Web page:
Toronto double-JUNO Award-winner The Weeknd (Abel Tesfaye) saw his international profile rise dramatically when Drake included a handful of his songs and a couple of co-production credits on 2011’s Take Care, an obvious sign of respect to the then-newcomer’s talents.
The Weeknd recounted to Complex magazine what happened when Drake first heard “The Ride,” which the R&B artist was originally intending to use for his own House of Balloons album.
“We were making the drum loop and… I had sung this melody – it wasn’t a hook, just an unfinished lyric. And he liked it so much, he was like, ‘I need to have this, man… I know I’ve already taken “Shot for Me” and “‘Crew Love’ and this and that…’ And me, I was hungry at that time. I was like, ‘Dude, take anything.’”
“It’s about finding what’s next.”
Funnily enough, The Weeknd didn’t hear Drake’s version until much, much later. “That song was so special to him. I didn’t hear that verse until maybe four or five months after I gave it to him. Even with ‘The Zone,’ [co-written with and featuring Drake] I was scared I was going to have to put out Thursday before his verse came in because Drake takes his time. He makes sure that he says the right shit and his flow is on point.”
There are several other Drake collaborators who fit into the “bubbling under” category: writers like Anthony “Hush” Palman, who’s contributed to 14 songs in the Drake canon, and provided tracks for Nicki Minaj and Florence & The Machine; producer T-Minus (Tyler Williams), who’s worked with Minaj, Lil Wayne, Kendrick Lamar, T.I., Ludacris, Ciara, Justin Bieber and Wale; and producer Matthew Burnett, hired by Eminem, Meek Mill, Tyga, Childish Gambino, Minaj, Wayne, 2Chainz and Young Jeezy.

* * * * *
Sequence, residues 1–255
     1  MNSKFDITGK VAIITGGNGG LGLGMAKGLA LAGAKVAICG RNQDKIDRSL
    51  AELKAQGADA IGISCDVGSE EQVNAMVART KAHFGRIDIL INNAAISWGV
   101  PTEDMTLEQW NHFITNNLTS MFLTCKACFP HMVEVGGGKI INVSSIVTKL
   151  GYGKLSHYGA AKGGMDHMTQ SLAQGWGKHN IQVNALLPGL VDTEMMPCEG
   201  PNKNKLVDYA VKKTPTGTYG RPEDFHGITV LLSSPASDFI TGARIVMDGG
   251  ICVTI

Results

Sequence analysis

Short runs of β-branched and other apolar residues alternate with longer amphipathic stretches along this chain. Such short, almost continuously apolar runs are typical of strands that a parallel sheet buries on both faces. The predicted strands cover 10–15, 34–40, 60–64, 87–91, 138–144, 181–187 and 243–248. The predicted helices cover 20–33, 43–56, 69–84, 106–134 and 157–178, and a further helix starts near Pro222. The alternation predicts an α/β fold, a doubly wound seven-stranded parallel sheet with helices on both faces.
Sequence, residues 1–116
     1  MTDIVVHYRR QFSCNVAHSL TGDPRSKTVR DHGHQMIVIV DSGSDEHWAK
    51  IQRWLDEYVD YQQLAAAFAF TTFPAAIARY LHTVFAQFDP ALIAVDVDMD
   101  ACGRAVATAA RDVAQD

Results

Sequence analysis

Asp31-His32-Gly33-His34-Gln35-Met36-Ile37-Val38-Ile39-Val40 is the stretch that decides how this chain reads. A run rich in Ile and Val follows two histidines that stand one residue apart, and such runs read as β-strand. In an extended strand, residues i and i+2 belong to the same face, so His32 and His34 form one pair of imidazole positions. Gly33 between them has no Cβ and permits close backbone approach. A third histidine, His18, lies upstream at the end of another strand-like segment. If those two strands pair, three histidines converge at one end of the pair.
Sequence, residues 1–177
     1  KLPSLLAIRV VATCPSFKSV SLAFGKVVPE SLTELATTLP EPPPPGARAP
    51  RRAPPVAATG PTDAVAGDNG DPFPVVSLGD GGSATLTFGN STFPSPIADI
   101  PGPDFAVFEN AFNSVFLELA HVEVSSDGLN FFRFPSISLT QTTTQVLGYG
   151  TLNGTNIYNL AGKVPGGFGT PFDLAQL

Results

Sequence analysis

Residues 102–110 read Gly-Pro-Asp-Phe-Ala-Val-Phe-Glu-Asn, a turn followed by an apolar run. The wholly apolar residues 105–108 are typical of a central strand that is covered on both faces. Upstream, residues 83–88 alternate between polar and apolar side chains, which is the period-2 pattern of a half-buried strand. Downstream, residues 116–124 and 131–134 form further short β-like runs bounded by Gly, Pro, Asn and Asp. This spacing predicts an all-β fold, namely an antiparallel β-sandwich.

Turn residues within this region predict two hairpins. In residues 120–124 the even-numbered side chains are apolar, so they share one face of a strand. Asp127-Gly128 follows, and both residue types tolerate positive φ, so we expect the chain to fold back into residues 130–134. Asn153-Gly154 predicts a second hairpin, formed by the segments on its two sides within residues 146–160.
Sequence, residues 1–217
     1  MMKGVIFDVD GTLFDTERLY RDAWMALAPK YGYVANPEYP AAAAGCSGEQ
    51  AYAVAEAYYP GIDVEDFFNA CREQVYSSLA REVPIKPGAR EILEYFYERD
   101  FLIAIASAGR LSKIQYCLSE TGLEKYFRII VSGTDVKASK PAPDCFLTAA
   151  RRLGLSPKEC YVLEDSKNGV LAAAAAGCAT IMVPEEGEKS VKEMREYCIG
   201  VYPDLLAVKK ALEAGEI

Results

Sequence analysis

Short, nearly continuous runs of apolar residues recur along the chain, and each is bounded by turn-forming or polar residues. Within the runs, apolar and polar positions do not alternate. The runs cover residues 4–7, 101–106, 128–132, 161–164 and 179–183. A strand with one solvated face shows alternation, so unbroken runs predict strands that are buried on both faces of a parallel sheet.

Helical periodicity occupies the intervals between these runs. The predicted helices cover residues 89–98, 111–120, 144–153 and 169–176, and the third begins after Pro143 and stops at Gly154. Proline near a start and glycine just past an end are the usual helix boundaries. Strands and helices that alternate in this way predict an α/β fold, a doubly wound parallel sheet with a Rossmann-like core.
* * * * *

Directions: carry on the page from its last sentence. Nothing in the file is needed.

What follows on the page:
There are many, many others: Adrian “X” Eccleston, Nikhil “Kromatik” Seetharam, Jason “Promise” Shepherd, Slakah The Beatchild (Joseph Byram), and Drex Jancar and his Remix Project to help underserved youth. That’s just a small sample of the many talented satellites orbiting Planet Drake, either contributing to his chart-topping albums (So Far Gone, Thank Me Later, Take Care and Nothing Was the Same), or working with him via his annual Toronto Molson Amphitheatre OVOFest, or Drake and 40’s newly-minted, Warner-distributed label, OVO Sound.
The circle continues expanding, because Drake is always on the lookout for Toronto talent to share with the world. “It’s about finding what’s next,” Drake told Rolling Stone.
This is how October’s Very Own rolls: He may have started from the bottom, but he always strives for the top. Discovering talented new hometown collaborators helps Drake keep constantly moving towards the summit.
“I feel this great responsibility to see how far can we take it,” he told GQ, “how out of reach can I set that bar for whoever comes after. While I’m here, I’m gonna keep pushing that bar higher and higher up and make you really work for it.”